3. There is one plain way of rendering this duty possible, or of perfectly reconciling charity to selflove; which is, a making the welfare of our neighbour to be our own: which if we can do, then easily may we desire it more seriously, then may we promote it with the greatest zeal and vigour: for then it will be an instance of self-love to exercise charity; then both these inclinations conspiring will march evenly together, one will not extrude nor depress the other.
It may be hard, while our concerns appear divided, not to prefer our own; but when they are coincident, or conspire together, the ground of that partiality is removed.
Nor is this an imaginary course, but grounded in
SERM. reason, and thereby reducible to practice: for considering the manifold bands of relation (natural, civil, or spiritual) between men, as naturally of the same kind and blood, as civilly members of the same society, as spiritually linked in one brotherhood; considering the mutual advantages derivable from the wealth and welfare of each other, (in way of needful succour, advice, and comfort, of profitable commerce, of pleasant conversation;) considering the mischiefs which from our neighbour's indigency and affliction we may incur, they rendering him as a wild beast, unsociable, troublesome, and formidable to us; considering that we cannot be happy without good nature, and good humour, and that good nature cannot behold any sad object without pity and dolorous resentment, good humour cannot subsist in prospect of such objects; considering that charity is an instrument, whereby we may apply all our neighbour's good to ourselves, it being ours, if we can find complacence therein; it may appear reasonable to reckon all our neighbour's concerns to our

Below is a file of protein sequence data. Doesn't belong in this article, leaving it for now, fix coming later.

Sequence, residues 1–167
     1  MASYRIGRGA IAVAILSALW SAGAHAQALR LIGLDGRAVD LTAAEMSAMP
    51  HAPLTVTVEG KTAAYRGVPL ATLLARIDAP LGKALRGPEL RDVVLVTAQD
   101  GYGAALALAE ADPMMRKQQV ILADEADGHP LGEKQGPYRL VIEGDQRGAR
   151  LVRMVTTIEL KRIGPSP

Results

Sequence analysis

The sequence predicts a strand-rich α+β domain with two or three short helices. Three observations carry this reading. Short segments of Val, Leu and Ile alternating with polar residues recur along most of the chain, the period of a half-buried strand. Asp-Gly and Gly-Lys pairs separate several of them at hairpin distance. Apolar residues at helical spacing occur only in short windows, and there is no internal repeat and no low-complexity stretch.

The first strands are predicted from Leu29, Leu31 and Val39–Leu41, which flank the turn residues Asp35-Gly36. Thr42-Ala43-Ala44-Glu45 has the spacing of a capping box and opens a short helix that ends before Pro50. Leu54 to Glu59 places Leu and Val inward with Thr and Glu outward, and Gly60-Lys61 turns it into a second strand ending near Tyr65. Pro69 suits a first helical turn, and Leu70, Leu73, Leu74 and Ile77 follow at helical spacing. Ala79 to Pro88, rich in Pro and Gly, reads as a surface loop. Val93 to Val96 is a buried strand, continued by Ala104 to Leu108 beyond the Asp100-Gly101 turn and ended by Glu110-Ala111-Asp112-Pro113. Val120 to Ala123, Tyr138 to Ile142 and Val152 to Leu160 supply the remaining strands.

That this is practicable, experience may confirm ; for we may observe, that men commonly do thus appropriate the concerns of others, resenting the disasters of a friend or of a relation with as sensible displeasure as they could their own; and answerably finding as high a satisfaction in their good fortune. Yea many persons do feel more pain by compassion for others, than they could do in sustaining the same evils; divers can with a stout heart undergo their own afflictions, who are melted with those of a friend or brother. Seeing then in true judgment humanity doth match any other relation,
and Christianity far doth exceed all other alliances, SERM. XXVI. why may we not on them ground the like affections and practices, if reason hath any force, or consideration can anywise sway in our practice?